Indian rocket
Pictured, the Indian Space Research Organisation (ISRO) communication satellite GSAT-19, carried onboard the Geosynchronous Satellite Launch Vehicle (GSLV-mark III), launches at Sriharikota on June 5, 2017. ARUN SANKAR/AFP/Getty Image


  • India's space economy has the potential to reach $100 billion with the right strategies, an Arthur D. Little report said
  • India currently has a 2% share in the global space economy and has been seeing a growth rate of 4% in recent years
  • India needs to have better regulations and improve its manufacturing capabilities to unlock its full potential

India's space economy has the potential to grow at least four times in size by 2040, according to a new report released by global management consulting firm Arthur D. Little.

The forecast predicts that India's space market, currently valued at around $8 billion, can reach $40 billion by 2040 and possibly even $100 billion if the right strategies are implemented, the report said.

India's space market currently has a 2% share in the global space economy and has been seeing a growth rate of 4% in recent years, as per the report.

In order to tap into the full potential and turn the country's space economy into a $40-$100 billion industry, India reportedly needs to have better regulations, improve its manufacturing capabilities and also extend more support to startups.

"India needs to encourage widespread adoption of satellite internet services and capitalize on its existing strengths in satellite and launch vehicle manufacturing," said Barnik Chitran Maitra, managing partner at Arthur D. Little, India & South Asia.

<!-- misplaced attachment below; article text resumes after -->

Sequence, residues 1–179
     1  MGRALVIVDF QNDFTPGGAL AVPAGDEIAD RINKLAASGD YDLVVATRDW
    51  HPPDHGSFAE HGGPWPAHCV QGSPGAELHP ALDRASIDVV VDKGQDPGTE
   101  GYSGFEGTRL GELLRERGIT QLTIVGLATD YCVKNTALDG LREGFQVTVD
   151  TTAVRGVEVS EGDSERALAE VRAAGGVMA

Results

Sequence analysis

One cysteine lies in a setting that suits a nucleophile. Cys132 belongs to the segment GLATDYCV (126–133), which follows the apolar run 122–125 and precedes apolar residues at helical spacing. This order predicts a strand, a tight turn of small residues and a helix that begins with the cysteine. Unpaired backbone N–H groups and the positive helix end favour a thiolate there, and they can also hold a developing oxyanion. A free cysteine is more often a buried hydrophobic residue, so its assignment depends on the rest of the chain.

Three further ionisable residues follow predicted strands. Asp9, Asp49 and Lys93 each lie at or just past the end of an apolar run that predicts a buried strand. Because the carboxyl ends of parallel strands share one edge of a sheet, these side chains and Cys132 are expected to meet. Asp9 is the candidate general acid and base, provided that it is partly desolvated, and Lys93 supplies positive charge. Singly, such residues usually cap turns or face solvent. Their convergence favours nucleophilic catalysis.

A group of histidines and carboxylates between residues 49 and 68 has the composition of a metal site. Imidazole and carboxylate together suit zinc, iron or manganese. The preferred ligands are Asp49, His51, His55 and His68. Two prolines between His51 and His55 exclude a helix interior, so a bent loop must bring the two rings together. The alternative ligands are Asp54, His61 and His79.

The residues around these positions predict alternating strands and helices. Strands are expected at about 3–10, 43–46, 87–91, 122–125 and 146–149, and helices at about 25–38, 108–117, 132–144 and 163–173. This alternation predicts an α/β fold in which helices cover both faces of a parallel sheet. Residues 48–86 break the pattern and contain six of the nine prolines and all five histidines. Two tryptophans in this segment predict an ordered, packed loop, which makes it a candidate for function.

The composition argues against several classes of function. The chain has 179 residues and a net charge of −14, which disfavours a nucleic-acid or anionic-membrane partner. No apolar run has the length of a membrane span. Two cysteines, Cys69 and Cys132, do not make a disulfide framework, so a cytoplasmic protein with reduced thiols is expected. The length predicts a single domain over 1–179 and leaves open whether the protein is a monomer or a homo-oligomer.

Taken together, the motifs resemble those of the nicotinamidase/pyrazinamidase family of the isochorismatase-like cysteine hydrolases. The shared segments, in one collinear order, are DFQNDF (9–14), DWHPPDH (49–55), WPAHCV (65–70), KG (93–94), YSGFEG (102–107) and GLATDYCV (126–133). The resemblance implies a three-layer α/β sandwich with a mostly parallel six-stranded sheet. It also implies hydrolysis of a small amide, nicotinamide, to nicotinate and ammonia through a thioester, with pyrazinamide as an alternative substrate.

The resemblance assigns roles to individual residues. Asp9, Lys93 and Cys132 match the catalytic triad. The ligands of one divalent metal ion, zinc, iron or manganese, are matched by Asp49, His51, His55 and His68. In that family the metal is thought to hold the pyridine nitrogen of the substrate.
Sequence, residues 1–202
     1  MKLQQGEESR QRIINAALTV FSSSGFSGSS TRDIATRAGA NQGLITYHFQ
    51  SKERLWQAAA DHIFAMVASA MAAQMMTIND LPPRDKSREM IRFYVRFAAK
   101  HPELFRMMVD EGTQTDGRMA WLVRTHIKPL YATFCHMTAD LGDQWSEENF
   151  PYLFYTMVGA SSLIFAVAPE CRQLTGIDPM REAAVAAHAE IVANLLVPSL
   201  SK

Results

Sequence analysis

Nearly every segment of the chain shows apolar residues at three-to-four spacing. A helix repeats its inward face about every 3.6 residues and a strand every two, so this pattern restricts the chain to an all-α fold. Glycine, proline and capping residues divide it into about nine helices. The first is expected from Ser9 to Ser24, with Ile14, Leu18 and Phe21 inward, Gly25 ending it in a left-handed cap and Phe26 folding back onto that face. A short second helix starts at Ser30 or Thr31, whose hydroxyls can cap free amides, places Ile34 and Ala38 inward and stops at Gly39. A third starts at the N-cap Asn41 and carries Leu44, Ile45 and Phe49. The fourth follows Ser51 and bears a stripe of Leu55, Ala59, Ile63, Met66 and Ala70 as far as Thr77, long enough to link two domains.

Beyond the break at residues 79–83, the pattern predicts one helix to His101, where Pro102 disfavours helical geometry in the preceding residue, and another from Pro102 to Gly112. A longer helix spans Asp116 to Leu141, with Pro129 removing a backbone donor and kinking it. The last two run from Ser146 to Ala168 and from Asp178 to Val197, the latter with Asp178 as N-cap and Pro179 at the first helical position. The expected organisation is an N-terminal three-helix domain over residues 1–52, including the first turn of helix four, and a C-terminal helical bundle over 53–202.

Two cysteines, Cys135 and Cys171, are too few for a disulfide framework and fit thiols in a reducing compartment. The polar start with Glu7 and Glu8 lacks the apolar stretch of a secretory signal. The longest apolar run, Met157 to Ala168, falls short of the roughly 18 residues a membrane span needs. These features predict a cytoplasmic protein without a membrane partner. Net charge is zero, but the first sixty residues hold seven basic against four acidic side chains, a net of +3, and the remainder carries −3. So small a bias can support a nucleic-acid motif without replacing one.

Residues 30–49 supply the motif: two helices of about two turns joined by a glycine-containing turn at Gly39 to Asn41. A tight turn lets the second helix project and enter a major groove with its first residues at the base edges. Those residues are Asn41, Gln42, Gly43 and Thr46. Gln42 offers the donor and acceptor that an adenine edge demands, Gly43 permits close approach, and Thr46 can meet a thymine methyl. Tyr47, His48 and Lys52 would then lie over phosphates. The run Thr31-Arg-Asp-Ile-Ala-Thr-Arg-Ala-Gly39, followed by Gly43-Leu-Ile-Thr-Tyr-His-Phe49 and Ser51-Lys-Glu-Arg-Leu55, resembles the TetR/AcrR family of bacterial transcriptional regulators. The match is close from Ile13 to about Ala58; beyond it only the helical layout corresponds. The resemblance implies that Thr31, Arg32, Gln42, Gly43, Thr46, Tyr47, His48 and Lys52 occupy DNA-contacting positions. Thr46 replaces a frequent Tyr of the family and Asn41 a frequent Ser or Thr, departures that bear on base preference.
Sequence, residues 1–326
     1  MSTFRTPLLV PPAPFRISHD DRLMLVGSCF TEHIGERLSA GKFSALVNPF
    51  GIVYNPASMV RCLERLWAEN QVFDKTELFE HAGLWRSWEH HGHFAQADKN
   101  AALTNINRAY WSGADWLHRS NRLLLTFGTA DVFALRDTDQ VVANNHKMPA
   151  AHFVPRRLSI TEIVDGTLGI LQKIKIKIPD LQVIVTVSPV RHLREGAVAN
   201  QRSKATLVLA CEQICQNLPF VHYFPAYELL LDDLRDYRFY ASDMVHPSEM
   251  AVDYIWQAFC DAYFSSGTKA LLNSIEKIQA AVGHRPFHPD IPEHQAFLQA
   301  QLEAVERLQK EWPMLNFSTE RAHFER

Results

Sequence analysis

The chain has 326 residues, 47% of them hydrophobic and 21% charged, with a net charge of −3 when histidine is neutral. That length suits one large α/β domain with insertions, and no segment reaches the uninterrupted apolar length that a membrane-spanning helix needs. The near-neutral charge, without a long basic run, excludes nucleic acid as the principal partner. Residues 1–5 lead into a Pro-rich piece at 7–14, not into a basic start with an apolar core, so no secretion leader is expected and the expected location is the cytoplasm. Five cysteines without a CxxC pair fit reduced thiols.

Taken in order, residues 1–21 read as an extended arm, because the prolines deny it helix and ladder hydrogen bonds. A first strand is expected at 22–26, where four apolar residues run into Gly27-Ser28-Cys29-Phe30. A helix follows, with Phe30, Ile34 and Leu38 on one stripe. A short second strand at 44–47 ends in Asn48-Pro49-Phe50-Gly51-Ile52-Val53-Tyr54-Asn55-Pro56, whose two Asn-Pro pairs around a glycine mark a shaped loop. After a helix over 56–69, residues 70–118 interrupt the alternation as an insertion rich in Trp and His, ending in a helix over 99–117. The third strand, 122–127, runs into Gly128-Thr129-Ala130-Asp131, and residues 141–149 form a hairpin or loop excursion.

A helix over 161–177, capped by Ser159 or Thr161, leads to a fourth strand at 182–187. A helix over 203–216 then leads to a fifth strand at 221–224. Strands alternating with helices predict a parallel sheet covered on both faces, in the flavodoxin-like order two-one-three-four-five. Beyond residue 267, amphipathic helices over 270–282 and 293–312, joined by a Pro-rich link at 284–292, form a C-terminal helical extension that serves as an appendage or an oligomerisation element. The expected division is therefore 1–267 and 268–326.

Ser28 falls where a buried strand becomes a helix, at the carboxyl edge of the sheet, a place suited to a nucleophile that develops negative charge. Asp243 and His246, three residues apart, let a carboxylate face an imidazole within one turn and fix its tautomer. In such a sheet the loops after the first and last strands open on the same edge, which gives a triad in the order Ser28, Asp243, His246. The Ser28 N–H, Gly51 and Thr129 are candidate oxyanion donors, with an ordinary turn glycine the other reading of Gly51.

"India should develop capabilities in high-potential sectors such as space mining and in-space manufacturing, venture into new space activities like space tourism and space entertainment and innovate in the realm of 'green space,'" he added.

Sandip K. Chakrabarti, one of India's most notable scientists in the field of astronomy and astrophysics, believes the rate of India's space sector growth cannot match the pace at which other sectors of the country are growing.

"The space sector growth which is presently 4% cannot cope up with the overall growth unless India opens up. Presently it is very conservative," Chakrabarti told International Business Times. "The internal market of space technology related product is zero. So India ritually imports most of the crucial components from abroad for any significant satellite it makes. That money could have been saved if our R&D (Research and Development) sector was stronger."

In terms of global government expenditure, the year 2022 saw a record spending of $103 billion on space programs across the world, according to data from Statistica. The U.S. government made the highest space expenditure by spending nearly $62 billion on space programs. China came in second with a government expenditure of nearly $12 billion on space programs. India — coming in at sixth place after Japan, France, Russia and Germany — saw a government expenditure of almost $2 billion on space programs.

Moreover, the U.S. had 87 space launches, including launches by private players, in the calendar year of 2022.

China set a new national record in 2022 with 64 rocket lift-offs; the country additionally saw three of its private rocket companies making their own launches the same year.

India saw five launch missions in 2022, which was an improvement from two missions each in the years 2020 and 2021.

"Unless the manpower in R&D sector is raised by at least 10 times, India cannot compete with China in the same sector. It has to raise by a factor of 40-50 to complete with USA. So that's a big vacuum," Chakrabarti said.

Chakrabarti also noted that India's manufacturing in space technology is also lagging behind.

"Today I see no component of space technology which must be bought from India. Compare [that with] a much smaller economy of Canada; they are supplying CANARMs, i.e., the arms for space shuttle program of USA since the 1980s," he added.